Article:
Lines of Questioning & Theory: Test the Boring Option

Sometimes you need to test the simple thing that will probably work, even though no one will be impressed that you thought of it. As a designer I always feel good when I come up with a unique solution to a problem. Recent playtests of Lines of Questioning have reminded me, however, that basic fixes are considered basic for a reason: they consistently do the job. Flashy solutions that bring excitement to the table are much more likely to come apart under the pressure of play. It’s therefore wiser to check the simple possibilities first, deploying unique and tricky mechanics only when their necessity outweighs the risks involved.

Last time we talked about Lines of Questioning I was looking forward to testing a new player power.

Lawyer - Unexpected Revelations One of my expectations for this power was that it would make the game substantially easier. Lines of Questioning was fun, but incredibly difficult. Providing an easier victory condition in return for engaging with a lesson seemed like a reasonable fix.

To my surprise, however, this power fell flat on its face. One of the things I track in playtests is how close a losing player came to winning. Based on that data, I estimated that the power would turn approximately 20% of near-losses into victories. In practice it had virtually no effect on the win rate.

Even now I’m not sure why the power didn’t work. Variance is a possibility, either in the pre-power data (lucky players got close to victory more often than the game’s difficulty made sustainable) or in the power testing (unlucky players had tougher games than normal, canceling out the effect of the power). Whatever the cause, the result was clear: for all its theoretical advantages the power wasn’t working.

That left me with only one idea for how to handle the excessive difficulty issue. It wasn’t neat. It wasn’t interesting. It did, however, have the merit of being simple.

Facts:  Testing has demonstrated that some tiles are better than others. In particular, tiles with multiple entrances and exits are very strong. Such tiles offer the player lots of options, can be used in unusual ways to get out of trouble, and enable efficient movement around the board.

90-degree turn tiles, on the other hand, are quite weak. This is both because of their limited usefulness and because there are a lot of them. Hands entirely made up of 90-degree turns are common, and are quite challenging to play through successfully.

There is almost no situation where this hand is good.
There is almost no situation where this hand is good.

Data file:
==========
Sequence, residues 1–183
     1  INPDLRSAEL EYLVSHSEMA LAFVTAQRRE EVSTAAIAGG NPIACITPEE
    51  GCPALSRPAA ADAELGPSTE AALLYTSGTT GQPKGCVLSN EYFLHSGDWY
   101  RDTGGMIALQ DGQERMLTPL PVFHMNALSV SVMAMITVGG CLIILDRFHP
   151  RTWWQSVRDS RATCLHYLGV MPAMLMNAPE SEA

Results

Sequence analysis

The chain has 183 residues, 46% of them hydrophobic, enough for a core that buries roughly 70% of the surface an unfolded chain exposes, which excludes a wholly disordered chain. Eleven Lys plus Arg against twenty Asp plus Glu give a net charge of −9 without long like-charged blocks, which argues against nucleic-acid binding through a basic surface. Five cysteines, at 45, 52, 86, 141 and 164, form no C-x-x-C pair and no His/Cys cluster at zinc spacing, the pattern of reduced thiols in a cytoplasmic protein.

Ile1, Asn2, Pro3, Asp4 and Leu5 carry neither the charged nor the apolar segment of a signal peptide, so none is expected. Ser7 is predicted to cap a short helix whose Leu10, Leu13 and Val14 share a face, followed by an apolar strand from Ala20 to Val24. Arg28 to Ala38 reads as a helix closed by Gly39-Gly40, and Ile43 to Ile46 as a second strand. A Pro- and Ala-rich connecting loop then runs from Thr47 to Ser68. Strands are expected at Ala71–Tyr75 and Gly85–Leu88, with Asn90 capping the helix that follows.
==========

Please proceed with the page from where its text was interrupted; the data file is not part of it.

For that and other reasons, Lines of Questioning is very difficult. While opinions may differ on how challenging a solo game should be, a win rate near 0% is clearly unacceptable by any standard.

Issue: How should Lines of Questioning be made easier?

Rules:

1. Try the simple thing that will probably work.

2. Having more of the stronger tiles, and fewer of the weaker tiles, makes the game easier.

Holding: Replace these lawyer tiles:

1-19-15 - Replaced TilesWith these tiles:

1-19-15 - ReplacementsDo the same for the witness tiles as well.

Thinking it through: I’ve been trying to do all sorts of complicated things to make Lines of Questioning easier—but what about the simple solution? If 90 degree turn tiles are bad, especially when there’s a lot of them, why not have fewer of them and more of the good ones?

As it’s turning out, this change works like a charm. The win rate is substantially higher, and frustrating all-90 degree-turn hands are rare. Having more diagonal entrances and exits also allows for some interesting strategic maneuvering, like doubling the lines back on themselves.

In fact, this is going so well that it’s providing a great foundation for the “basic” variant I’ve been wanting to lock in. Up to this point I’ve been looking at new rules to make the basic game easier, which of course runs contrary to the goal of a simple, quick-to-learn version. Lowering the difficulty without needing more rules makes that variant realistic.

Sometimes a game needs an additional, complex rule. Sometimes, though, what it needs is a willingness to try the obvious solution to a problem. Exchanging bad tiles for good ones isn’t a remarkable design achievement, but if it makes Lines of Questioning better, then so be it. I’ll trust the extra impressiveness from the game being good to take up the slack.

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